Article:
Himanshu’s soft spoken character belies his extensive background and contributions to design and craft. As a partner in 11.11 / eleven eleven, Korra.in and consultant to large denim brands, he works with a sensitivity that transcends both mass and niche markets.
The beginning > NIFT’s former Director, Villoo Mirza, was a phenomenal lady who brought in people from everywhere to teach us. Many of our classes taught us how to think: we were encouraged to build a sort of fantasy world. The professors who taught us were architects and artists, never fashion designers.
On my first day at NIFT, Gandhinagar in 1998, my professor – an artist named Walter D’Souza – walked in and asked the question: ‘What are we doing here?’ He was asking us to look deep inside to understand what we want. When you’re 19, you’re not naturally thinking like that. Through his course, he never drew anything or showed us techniques. He talked to us, and would ask, ‘What do you see?’ after which he would share what he saw. His teaching principle was that if you aren’t seeing right, you can’t draw right.
This was my real education. Before that, I didn’t relate to books and just about managed to get through school. Although I was more inclined toward product design or architecture, my marks didn’t qualify. NIFT didn’t have a minimum score – I applied without much research, passed their entrance exam, and ended up in fashion school.
Above: image | 100% handmade route case with khadi denim, worker jacket and chambray shirt
A nuanced perspective > Our campus was a building originally designed for a laboratory, granted by the Government to NIFT. It’s not that fashion needs a particular structure but it was a bit surreal that there were washbasins every few meters – indicative of how nascent investment in fashion was at the time. Still, it was a beautifully designed building – the light was perfect. I would participate in competitions at NIFT and won a few which took me to Japan and Korea. One of the prizes took me to Milan for a Masters degree in Fashion Design, through part scholarship at Domus Academy.
Above: 11.11’s launch collection in S/S 2009 – Japanese dress with signature tape detail. Image | Manav Parhawk
I did my thesis with Nokia in 2002, while the company was at its peak. Nokia was researching how to connect lifestyle and fashion with the mobile phone, an everyday essential. Around this time, fashion was starting to penetrate product design – in furniture, sportswear and other categories – and there was a move toward analysing colours, patterns and textures to fit a certain lifestyle. My thesis was all about how fashion could shape and drive Nokia’s brand strategy.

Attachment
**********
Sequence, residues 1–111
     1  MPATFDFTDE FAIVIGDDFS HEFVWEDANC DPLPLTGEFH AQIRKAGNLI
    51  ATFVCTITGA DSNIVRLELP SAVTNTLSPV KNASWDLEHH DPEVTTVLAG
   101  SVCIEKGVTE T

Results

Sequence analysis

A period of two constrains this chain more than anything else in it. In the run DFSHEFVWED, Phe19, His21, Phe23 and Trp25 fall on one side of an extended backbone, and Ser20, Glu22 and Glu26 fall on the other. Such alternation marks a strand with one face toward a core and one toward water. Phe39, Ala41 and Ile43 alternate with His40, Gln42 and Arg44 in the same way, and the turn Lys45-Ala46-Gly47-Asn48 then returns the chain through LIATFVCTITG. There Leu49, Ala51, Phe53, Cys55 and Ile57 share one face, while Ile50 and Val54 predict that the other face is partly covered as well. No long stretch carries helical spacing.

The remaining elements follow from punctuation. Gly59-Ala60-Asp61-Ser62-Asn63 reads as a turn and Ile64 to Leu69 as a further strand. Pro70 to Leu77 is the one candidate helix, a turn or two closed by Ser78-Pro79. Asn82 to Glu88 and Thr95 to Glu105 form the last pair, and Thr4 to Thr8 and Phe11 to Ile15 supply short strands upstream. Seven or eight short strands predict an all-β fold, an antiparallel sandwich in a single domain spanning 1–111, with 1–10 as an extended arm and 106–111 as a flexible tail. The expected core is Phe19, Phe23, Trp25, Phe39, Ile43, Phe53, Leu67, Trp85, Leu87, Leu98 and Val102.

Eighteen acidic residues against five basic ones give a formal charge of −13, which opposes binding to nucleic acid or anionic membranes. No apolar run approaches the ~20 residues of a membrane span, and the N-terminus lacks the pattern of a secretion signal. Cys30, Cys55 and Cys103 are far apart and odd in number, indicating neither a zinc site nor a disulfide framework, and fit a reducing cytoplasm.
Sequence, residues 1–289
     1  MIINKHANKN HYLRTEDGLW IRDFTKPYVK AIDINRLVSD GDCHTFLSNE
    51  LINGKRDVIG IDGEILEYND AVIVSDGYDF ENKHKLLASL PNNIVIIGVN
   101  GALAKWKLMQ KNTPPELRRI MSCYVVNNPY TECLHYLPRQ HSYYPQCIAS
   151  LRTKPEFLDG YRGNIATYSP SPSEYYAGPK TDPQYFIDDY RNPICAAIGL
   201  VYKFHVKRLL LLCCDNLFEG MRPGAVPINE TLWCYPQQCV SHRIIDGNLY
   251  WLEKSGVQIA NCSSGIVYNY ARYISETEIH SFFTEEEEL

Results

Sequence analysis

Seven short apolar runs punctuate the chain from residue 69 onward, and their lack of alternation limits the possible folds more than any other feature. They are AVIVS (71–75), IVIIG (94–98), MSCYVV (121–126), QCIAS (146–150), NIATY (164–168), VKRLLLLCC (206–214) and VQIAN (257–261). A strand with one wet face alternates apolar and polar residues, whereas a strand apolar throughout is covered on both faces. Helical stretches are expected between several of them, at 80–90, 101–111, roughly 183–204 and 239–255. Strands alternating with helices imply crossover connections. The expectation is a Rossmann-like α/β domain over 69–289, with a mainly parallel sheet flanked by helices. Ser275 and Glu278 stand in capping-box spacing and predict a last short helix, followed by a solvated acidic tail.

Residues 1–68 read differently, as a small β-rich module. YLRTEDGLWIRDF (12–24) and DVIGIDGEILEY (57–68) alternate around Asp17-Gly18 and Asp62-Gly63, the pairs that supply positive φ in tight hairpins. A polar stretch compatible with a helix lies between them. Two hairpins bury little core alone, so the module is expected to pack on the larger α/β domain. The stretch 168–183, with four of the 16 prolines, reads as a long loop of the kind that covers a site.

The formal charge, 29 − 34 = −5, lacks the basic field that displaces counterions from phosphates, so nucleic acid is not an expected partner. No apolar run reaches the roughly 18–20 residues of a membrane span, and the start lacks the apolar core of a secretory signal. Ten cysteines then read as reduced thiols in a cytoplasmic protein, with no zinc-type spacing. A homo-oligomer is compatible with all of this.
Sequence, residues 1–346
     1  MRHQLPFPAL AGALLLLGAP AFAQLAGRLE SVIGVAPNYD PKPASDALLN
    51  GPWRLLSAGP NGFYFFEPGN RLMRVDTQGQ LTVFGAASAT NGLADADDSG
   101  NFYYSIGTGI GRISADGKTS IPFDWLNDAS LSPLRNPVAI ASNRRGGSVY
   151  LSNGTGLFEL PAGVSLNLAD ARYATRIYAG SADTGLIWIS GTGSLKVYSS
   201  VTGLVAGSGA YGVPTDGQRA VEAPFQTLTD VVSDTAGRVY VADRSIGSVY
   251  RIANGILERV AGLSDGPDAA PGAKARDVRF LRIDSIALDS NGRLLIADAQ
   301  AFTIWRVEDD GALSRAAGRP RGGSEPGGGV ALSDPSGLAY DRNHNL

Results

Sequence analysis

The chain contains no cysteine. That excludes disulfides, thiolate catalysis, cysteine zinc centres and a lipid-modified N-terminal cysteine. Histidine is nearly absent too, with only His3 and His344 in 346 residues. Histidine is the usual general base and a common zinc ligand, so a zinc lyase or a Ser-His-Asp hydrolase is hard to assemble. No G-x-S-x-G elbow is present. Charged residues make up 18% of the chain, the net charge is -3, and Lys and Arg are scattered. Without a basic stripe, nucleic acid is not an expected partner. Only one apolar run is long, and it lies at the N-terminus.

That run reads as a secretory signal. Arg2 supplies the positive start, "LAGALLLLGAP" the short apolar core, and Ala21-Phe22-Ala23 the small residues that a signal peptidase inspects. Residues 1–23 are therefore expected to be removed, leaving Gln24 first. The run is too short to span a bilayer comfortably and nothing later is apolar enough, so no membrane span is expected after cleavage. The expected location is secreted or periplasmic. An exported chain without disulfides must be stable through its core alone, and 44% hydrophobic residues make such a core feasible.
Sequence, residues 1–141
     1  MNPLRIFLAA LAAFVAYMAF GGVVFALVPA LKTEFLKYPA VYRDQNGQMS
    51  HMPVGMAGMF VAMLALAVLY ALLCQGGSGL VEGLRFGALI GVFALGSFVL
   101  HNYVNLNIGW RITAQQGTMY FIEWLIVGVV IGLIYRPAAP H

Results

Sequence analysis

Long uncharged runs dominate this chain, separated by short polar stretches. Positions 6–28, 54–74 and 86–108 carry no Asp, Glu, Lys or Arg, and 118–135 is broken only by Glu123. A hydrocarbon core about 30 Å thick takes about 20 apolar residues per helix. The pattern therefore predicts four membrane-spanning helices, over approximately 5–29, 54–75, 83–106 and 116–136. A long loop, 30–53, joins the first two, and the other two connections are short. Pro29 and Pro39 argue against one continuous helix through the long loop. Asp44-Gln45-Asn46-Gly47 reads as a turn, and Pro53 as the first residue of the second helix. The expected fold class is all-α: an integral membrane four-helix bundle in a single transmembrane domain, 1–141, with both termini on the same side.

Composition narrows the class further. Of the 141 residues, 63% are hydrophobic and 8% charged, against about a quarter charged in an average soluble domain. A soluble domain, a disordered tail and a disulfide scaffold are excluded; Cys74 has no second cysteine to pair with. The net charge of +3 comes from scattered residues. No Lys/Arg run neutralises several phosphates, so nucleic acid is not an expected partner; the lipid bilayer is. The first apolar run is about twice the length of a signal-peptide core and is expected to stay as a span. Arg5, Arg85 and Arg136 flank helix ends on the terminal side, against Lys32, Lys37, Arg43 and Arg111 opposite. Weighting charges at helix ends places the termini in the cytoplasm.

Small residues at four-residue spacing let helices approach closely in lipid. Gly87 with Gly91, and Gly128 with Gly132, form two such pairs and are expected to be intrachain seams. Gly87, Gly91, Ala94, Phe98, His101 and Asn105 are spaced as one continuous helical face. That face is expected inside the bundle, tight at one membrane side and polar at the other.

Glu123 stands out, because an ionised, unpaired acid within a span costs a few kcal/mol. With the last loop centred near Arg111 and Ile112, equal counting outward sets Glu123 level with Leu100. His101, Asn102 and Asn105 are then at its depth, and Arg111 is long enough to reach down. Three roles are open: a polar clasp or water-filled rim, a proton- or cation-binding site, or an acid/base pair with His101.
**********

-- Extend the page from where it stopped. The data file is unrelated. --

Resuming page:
In those four months of working on my thesis, I interacted with architects, product designers and interaction designers. I met Renato Montagner, an architect based out of Venato, Italy, with amazing perspective on design and fashion. He saw my thesis work, and about four months after I graduated, asked if I was interested in collaborating on a project.
Renato was working with various fashion brands at the time on exhibition space design, retail space design and he was art director for Dainese – one of the best brands for motorcycle and mountain biking gear. I joined him as a consultant and formed my company CellDSGN in Milan in 2003 so I could work with him and others. I became involved as a consultant fashion designer in Renato’s studio Changed Design and worked on a collection for Dainese where I learned about garment engineering – how it can facilitate functionality or how a jacket needs to be fitted to one’s form – and I could see myself happily doing this for years to come.
Above: Diesel Kids headquarters, reviewing S/S 2005 with Renzo Rosso and Jermano Feraro
One of our initial projects together was for 55 DSL, a brand under the art direction of Andrea Rosso, the son of Renzo Rosso (owner of Diesel). Andrea was impressed with the outcome and aside from being colleagues we became very good friends, and travelled to India together on many more projects. I entered Diesel’s world, and worked with Andrea’s father, Renzo Rosso, for almost five years before he convinced me to move my base to New Delhi in 2006.
Above: 100% handmade khadi denim in Staccato block print
Our design studio was in Hauz Khas, which today is our retail store, The Grey Garden. We used to work on capsule collections for the Diesel kids and accessories line – from R&D and design development to shipping out final production.
Diesel was already producing almost half a million pieces in India through their buying house, but Renzo knew India had more to offer than backend production.
CellDSGN soon began consulting for Levis, working with their Marketing Director, Shyam Sukhramani. Shyam was quick in his decision making: he visited once and appointed us to creatively direct for Red Loop India. I am now a partner with Shyam in Korra.in.
In 2009, I launched 11.11 / eleven eleven at Delhi Fashion Week with a S/S 2009 collection. Mia Morikawa joined the brand a year later in 2010. She is half Japanese and half American, with a background in Fine Art.
Above: A/W 2012 Kaya dress – bhandani work and marbled silk